char array subscript in ctype

Peter Naulls peter at chocky.org
Mon Dec 31 03:11:49 PST 2001


In message <20011230235037.GA3181 at ay.free.fr>
          Vincent Lefevre <vincent at vinc17.org> wrote:

> On Sun, Dec 30, 2001 at 18:34:26 +0000, Peter Naulls wrote:
> > I'm not sure that's a valid argument.  isspace and friends are almost
> > always used in the context of unqualified chars (unsigned on ARM, signed
> > on x86).   Futhermore, the specification for these functions says that
> > the integer passed is interpreted as an unsigned char (or EOF).  The
> > cast to unsigned int ensures this.
> 
> No, if you cast the argument to unsigned int in the macro definition,
> EOF will become positive, which is incorrect. In __ctype[c], the EOF
> index is (in this implementation) -1. With the cast, the wrong byte
> will be read.

This is a genuine concern, however having checked this, the code
produced for -1 vs 2^32-1U is the same.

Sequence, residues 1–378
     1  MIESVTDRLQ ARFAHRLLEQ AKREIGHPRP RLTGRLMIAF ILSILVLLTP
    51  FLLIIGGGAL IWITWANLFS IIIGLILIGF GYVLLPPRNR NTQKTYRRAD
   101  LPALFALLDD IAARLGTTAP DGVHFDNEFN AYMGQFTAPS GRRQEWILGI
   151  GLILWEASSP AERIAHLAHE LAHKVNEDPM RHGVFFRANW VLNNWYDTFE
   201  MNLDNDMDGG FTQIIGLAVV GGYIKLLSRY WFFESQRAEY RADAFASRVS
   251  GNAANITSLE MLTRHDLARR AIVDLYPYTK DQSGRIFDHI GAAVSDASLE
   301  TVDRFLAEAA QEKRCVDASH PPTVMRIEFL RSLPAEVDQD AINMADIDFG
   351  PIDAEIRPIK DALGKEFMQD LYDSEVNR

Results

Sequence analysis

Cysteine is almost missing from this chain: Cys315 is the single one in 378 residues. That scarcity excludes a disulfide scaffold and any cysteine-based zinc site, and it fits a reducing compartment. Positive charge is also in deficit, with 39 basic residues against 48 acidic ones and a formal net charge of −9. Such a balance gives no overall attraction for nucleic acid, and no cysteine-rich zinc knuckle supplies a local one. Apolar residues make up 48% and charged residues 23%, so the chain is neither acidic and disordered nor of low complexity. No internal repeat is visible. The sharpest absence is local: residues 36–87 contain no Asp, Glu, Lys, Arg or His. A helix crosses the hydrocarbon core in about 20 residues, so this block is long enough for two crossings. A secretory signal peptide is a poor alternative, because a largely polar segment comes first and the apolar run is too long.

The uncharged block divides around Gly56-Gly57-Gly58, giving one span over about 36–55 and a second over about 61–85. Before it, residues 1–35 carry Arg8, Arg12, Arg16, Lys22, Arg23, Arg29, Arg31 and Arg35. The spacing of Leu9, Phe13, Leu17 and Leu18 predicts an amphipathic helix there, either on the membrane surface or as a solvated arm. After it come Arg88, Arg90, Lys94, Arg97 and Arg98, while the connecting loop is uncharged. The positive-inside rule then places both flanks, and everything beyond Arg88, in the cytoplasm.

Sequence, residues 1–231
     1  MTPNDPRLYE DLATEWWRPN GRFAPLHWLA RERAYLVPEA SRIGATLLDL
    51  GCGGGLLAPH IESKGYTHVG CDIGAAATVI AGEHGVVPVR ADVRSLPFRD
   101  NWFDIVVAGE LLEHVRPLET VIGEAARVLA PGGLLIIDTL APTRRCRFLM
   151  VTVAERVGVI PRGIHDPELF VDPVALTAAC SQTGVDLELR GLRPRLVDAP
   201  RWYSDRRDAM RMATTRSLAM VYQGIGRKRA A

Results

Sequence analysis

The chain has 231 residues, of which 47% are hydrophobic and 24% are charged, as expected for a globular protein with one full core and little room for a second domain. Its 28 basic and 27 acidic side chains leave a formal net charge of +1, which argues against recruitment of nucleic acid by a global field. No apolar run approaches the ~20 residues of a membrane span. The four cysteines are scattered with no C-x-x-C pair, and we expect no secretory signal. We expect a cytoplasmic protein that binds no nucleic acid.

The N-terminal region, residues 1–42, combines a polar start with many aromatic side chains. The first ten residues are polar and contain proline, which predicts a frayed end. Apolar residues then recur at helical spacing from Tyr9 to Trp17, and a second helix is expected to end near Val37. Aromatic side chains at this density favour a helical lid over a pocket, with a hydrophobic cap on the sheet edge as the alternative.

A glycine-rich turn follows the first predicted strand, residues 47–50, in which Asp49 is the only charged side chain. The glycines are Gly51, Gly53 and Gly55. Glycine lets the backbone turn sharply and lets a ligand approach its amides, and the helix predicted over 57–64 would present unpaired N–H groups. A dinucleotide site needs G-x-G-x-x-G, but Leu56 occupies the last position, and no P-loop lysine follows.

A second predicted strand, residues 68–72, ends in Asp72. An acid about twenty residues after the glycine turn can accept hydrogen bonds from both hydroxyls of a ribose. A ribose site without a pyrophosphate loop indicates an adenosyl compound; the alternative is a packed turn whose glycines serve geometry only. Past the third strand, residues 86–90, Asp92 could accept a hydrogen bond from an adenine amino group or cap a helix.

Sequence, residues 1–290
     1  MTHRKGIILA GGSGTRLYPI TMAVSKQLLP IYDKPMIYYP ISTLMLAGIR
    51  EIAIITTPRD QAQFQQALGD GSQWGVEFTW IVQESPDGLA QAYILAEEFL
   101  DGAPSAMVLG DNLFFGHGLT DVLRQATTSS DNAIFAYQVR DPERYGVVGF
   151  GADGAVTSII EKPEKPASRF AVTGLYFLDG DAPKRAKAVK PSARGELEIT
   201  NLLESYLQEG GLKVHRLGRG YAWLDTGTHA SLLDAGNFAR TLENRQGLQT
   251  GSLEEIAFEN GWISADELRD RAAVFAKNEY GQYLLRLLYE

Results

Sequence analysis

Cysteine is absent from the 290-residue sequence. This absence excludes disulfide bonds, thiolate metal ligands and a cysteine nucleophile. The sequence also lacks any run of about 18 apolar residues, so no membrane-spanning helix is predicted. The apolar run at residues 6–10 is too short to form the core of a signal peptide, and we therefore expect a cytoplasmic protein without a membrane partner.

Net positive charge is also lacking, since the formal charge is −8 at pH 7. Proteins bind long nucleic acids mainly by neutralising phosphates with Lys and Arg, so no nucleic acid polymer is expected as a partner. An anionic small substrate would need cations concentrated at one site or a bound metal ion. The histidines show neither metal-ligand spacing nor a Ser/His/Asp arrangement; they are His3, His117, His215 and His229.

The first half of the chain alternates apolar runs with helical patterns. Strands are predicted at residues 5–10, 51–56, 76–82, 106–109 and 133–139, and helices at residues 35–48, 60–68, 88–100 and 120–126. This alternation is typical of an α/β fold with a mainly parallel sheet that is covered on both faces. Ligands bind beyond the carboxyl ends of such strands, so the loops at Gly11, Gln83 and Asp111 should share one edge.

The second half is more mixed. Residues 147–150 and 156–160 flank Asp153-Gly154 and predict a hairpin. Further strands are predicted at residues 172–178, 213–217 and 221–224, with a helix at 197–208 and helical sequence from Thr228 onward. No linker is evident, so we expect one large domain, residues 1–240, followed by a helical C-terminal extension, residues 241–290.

> > That aside, the real point is that the library headers cause a warning,
> > which they really shouldn't.
> 
> They should, as using a char may be an error. For instance, in Mutt,
> there was such an error when accented characters (signed under some
> implementations) were used. The bug was in Mutt, not in the compiler's
> headers. Since then, casts have been added in Mutt.

That's unfortunate.  However (and very much at the risk of restarting
a debate from elsewhere) if the C libraries (rightly or wrongly) had had
a cast such as I suggest, chars < 0 would correctly be interpreted in
the right range when cast to unsigned.  

While no doubt warnings are very useful, I fear that the one produced in
this case is somewhat confusing, especially to a novice programmer
(lclint might throw up something more useful); I spent quite sometime
working out what exactly was generating the warning.

Having said that, if the consensus is that it's still a bad idea, then
that's fine.  Although I would suggest some commentary on the matter
somewhere.

Peter

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